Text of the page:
There are also complete stereo systems claiming to be iPod compatible. At best these systems include a docking mechanism and enable drivers to control the player through their stereo. At worst, the connection consists of an auxiliary input hookup, and you have to buy the cable. But hey, it’s still better than those FM hookups.
Considering how music fans have flocked to iPods since Apple rolled out its first-generation model back in 2001, you’d think automobile stereos would have kept up with times. But more often than not, playing your iPod through your car stereo means messing around with cables, checking connections and, if you go the FM route, pointing your player at your stereo in hopes of receiving better fidelity.
That’s why New Zealand-based Fusion Electronics’ new iPod head unit for car stereos grabbed our attention. And our first thought was why don’t more manufacturers do it this way?
The “way” in this case is how Fusion Electronics’ iPod system, tagged with the very unsexy name CA-IP500, handles iPod connectivity. Instead of wires, FM transmitters and/or auxiliary cables, the CA-IP500 makes connecting your iPod to your car’s stereo system as easy as sliding a compact disc into your auto’s CD player.
At first glance the CA-IP500 looks like any other car stereo head unit. However, the faceplate flips open revealing an internal iPod docking station. Slide your player in, close the faceplate, and you’re ready to rock while you roll.
And if you’re wondering how it’s compatible with all the different iPod flavors available, Fusion’s answer is up its sleeve.
As in plastic sleeves. The CA-IP500 is compatible with iPod Classic generations 5 and 6, the iTouch and iPod Nano generations 2 and 3. Since those models come in slightly different sizes, Fusion supplies plastic sleeves. Slip your iPod in the appropriate sleeve, slide the sleeve and your iPod into your CA-IP500 and you’re good to go.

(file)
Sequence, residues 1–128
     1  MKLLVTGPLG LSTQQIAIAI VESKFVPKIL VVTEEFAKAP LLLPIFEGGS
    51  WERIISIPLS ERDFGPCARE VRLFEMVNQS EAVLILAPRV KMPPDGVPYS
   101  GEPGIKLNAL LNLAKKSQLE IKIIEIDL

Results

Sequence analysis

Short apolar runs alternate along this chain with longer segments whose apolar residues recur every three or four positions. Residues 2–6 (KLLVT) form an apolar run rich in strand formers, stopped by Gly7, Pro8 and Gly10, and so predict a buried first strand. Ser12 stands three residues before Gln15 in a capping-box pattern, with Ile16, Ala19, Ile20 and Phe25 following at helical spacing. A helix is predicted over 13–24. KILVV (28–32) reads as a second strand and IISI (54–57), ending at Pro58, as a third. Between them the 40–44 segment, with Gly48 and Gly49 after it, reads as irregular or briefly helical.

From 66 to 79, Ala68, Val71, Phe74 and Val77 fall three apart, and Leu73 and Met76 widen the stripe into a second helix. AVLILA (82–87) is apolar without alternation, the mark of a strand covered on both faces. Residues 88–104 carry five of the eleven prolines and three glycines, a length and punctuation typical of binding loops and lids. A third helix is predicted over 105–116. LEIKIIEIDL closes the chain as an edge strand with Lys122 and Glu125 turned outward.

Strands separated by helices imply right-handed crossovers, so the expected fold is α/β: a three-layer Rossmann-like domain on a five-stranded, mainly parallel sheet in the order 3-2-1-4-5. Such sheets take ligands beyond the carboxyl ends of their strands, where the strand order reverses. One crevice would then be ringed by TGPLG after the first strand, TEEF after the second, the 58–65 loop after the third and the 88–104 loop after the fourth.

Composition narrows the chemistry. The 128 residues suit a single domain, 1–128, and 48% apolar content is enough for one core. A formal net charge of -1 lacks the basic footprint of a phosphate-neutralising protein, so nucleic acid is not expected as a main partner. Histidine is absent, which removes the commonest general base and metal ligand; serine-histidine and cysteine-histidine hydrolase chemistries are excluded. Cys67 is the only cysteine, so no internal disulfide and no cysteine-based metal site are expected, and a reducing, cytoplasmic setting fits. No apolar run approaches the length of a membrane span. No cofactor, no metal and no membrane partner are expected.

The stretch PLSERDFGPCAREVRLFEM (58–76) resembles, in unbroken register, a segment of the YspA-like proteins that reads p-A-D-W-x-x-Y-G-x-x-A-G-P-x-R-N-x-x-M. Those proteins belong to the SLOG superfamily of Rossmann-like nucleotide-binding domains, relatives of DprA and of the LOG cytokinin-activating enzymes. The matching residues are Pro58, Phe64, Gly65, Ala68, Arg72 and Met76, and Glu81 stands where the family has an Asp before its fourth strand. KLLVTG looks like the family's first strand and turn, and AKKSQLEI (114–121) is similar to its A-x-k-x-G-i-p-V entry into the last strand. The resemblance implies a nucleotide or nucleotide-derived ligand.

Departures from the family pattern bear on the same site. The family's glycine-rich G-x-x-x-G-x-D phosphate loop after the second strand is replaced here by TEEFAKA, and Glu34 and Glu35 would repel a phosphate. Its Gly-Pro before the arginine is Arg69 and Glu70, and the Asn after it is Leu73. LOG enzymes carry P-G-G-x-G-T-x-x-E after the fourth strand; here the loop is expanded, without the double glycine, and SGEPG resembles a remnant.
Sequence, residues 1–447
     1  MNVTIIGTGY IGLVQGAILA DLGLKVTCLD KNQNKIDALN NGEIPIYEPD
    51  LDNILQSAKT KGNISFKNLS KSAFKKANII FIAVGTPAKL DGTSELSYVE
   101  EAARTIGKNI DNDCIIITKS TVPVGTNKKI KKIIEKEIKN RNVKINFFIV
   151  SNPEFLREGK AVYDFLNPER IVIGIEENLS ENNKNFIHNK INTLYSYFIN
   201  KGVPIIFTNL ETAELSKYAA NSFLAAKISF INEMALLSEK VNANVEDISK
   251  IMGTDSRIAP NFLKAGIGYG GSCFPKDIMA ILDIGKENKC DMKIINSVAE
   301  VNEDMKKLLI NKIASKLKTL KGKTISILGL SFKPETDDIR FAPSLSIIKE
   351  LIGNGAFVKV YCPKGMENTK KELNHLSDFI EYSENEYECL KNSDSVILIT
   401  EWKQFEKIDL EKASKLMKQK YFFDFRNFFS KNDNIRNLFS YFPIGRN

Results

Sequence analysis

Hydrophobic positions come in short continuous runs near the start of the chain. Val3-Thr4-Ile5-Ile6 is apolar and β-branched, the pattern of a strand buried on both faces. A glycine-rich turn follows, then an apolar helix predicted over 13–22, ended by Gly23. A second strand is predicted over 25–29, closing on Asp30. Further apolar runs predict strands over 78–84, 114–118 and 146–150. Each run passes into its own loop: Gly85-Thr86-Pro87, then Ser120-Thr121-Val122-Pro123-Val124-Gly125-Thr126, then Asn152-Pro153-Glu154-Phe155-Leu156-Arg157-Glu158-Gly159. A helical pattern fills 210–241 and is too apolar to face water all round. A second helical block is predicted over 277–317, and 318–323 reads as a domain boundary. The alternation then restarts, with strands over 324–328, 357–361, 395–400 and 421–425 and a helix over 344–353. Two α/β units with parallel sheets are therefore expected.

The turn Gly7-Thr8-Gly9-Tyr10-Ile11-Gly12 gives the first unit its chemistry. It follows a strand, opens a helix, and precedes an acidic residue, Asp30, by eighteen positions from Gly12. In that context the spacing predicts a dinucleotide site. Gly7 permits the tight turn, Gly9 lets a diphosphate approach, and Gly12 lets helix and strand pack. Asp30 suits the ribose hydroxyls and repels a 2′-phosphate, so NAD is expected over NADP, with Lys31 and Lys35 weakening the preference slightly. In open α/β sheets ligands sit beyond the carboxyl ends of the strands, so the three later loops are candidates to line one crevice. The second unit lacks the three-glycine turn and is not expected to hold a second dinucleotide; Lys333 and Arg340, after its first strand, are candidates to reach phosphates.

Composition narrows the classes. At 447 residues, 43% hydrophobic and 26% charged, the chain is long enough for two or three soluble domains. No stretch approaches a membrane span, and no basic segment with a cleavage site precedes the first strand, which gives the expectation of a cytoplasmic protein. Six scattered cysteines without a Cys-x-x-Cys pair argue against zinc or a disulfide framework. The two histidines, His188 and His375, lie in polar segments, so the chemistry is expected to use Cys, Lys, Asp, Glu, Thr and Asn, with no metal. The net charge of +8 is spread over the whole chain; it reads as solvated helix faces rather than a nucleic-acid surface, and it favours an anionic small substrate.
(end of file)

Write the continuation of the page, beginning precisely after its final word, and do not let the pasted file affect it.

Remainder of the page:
Fusion Electronics introduced the CA-IP500 internationally in June 2008, but just recently brought it to the States. So far, Best Buy is the exclusive U.S. dealer, and the price is $250. But anyone who has ever had to deal with FM transmitters, auxiliary hookups and external docking stations would probably consider that money well spent.
Not only did PC World recently review the CA-IP500, but the magazine also produced a short video showing how it works.
And for another take on the CA-IP500, please check out CNET’s review here.
We’re not saying the CA-IP500 is the ultimate answer for iPod satisfaction in car stereo. Reports of the faceplate snapping off too easily and iPods coming loose and rattling around behind the faceplate indicate Fusion Electronics may need to tweak the head unit.
But it beats FM transmitters and hanging cables. If you spend most of your quality iPod time driving, Fusion Electronics’ CA-IP500 just might make your next trip a sonic joy on wheels.